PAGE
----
20. Bulimia Nervosa vs. Anorexia Nervosa • Differences: • People with bulimia tend to be controlled by emotion – may change friendships easily • People with bulimia are more likely to display characteristics of a personality disorder • Different medical complications: • Only half of women with bulimia experience amenorrhea vs. almost all women with anorexia • People with bulimia suffer damage caused by purging, especially from vomiting and laxatives Comer, Fundamentals of Abnormal Psychology, 3e

  21. What Causes Eating Disorders? • Most theorists subscribe to a multidimensional risk perspective: • Several key factors place individuals at risk • More factors = greater risk • Leading factors: • Sociocultural conditions (societal and family pressures) • Psychological problems (ego, cognitive, and mood disturbances) • Biological factors Comer, Fundamentals of Abnormal Psychology, 3e

  22. What Causes Eating Disorders? Societal Pressures • Many theorists believe that current Western standards of female attractiveness have contributed to the rise of eating disorders • Standards have changed throughout history toward a thinner ideal • Miss America contestants have declined in weight by 0.28 lbs/yr; winners have declined by 0.37 lbs/yr • Playboy centerfolds have lower average weight, bust, and hip measurements than in the past Comer, Fundamentals of Abnormal Psychology, 3e

  23. What Causes Eating Disorders? Societal Pressures • Certain groups are at greater risk from these pressures: • Models, actors, dancers, and certain athletes • Of college athletes surveyed, 9% met full criteria for an eating disorder while another 50% had symptoms • 20% of surveyed gymnasts met full criteria for an eating disorder Comer, Fundamentals of Abnormal Psychology, 3e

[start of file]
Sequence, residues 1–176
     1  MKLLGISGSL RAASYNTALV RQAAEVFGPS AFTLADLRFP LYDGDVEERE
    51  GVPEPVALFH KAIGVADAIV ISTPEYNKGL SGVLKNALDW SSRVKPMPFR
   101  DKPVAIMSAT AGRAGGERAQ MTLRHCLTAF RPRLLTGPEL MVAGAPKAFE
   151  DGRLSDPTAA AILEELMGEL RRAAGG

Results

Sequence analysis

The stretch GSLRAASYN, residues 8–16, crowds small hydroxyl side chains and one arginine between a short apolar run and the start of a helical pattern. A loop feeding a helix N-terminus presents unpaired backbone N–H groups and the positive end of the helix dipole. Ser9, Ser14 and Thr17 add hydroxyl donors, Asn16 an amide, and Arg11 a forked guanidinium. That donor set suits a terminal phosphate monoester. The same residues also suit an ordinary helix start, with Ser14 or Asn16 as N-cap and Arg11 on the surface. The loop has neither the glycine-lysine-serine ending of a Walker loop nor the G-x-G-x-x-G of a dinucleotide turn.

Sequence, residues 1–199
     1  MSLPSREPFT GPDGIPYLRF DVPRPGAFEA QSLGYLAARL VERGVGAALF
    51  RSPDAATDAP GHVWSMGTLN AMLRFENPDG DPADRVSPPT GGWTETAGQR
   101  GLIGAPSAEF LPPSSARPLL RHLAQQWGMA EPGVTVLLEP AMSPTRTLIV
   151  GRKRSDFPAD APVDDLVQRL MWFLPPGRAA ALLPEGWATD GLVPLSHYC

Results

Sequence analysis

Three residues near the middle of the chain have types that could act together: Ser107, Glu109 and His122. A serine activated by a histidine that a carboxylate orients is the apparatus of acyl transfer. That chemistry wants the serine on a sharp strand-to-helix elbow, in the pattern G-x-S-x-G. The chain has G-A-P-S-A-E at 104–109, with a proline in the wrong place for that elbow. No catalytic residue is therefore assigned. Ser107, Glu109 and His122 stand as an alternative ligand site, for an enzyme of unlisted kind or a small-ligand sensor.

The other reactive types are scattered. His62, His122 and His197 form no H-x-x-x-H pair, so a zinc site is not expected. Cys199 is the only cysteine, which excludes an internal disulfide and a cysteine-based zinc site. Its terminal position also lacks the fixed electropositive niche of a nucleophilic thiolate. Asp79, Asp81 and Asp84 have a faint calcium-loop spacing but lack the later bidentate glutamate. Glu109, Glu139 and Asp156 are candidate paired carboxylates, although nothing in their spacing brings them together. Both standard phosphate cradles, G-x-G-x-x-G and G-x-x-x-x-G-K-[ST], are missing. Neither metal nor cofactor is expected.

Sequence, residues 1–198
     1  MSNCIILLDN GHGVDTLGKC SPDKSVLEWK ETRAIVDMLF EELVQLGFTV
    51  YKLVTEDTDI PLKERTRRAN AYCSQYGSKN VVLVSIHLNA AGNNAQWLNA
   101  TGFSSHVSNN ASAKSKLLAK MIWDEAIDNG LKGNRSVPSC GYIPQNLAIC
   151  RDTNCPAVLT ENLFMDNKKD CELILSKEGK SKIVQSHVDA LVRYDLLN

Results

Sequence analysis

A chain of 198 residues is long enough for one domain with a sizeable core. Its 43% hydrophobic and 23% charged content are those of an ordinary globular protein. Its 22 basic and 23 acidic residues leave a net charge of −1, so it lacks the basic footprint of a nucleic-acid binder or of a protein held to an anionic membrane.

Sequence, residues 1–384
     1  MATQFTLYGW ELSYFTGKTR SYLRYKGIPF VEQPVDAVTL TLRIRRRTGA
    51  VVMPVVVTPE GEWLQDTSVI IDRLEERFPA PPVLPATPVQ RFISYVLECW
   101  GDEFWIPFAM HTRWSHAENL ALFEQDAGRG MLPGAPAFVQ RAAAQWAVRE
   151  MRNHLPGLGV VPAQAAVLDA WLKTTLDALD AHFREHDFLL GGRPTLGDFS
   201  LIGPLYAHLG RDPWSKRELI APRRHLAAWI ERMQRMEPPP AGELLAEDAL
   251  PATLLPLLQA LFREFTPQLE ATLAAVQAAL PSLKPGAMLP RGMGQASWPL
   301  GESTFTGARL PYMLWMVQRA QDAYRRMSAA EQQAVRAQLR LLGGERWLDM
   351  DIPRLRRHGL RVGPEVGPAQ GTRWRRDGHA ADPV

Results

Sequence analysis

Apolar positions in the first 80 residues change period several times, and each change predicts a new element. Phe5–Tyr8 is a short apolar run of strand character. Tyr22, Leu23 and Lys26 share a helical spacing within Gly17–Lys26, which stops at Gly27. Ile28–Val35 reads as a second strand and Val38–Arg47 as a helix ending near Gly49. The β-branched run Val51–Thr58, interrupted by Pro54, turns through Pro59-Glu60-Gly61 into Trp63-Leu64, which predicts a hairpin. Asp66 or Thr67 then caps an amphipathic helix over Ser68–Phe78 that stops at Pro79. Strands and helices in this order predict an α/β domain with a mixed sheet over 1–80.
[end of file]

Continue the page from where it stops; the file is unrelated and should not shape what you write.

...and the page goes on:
24. What Causes Eating Disorders? Societal Pressures • Societal attitudes may explain economic and racial differences seen in prevalence rates • In the past, Caucasian women of higher SES expressed more concern about thinness and dieting • These women had higher rates of eating disorders than African American women or Caucasian women of lower SES • Recently, dieting and preoccupation with food, along with rates of eating disorders, are increasing in all groups Comer, Fundamentals of Abnormal Psychology, 3e

  25. What Causes Eating Disorders? Family Environment • As many as half of the families of those with eating disorders have a long history of emphasizing thinness, appearance, and dieting • Mothers of those with eating disorders are more likely to be dieters and perfectionistic themselves Comer, Fundamentals of Abnormal Psychology, 3e

  26. What Causes Eating Disorders? Family Environment • Minuchin cites “enmeshed family patterns” as causal factors of eating disorders • These patterns include overinvolvement in, and overconcern about, family member’s lives Comer, Fundamentals of Abnormal Psychology, 3e

  27. What Causes Eating Disorders? Ego Deficiencies and Cognitive Disturbances • Bruch argues that eating disorders are the result of disturbed mother–child interactions which lead to serious ego deficiencies in the child and to severe cognitive disturbances Comer, Fundamentals of Abnormal Psychology, 3e

  28. What Causes Eating Disorders? Ego Deficiencies and Cognitive Disturbances • Bruch argues that parents may respond to their children either effectively or ineffectively • Effective parents accurately attend to a child’s biological and emotional needs • Ineffective parents fail to attend to child’s internal needs; they feed when the child is anxious, comfort when the child is tired, etc. Comer, Fundamentals of Abnormal Psychology, 3e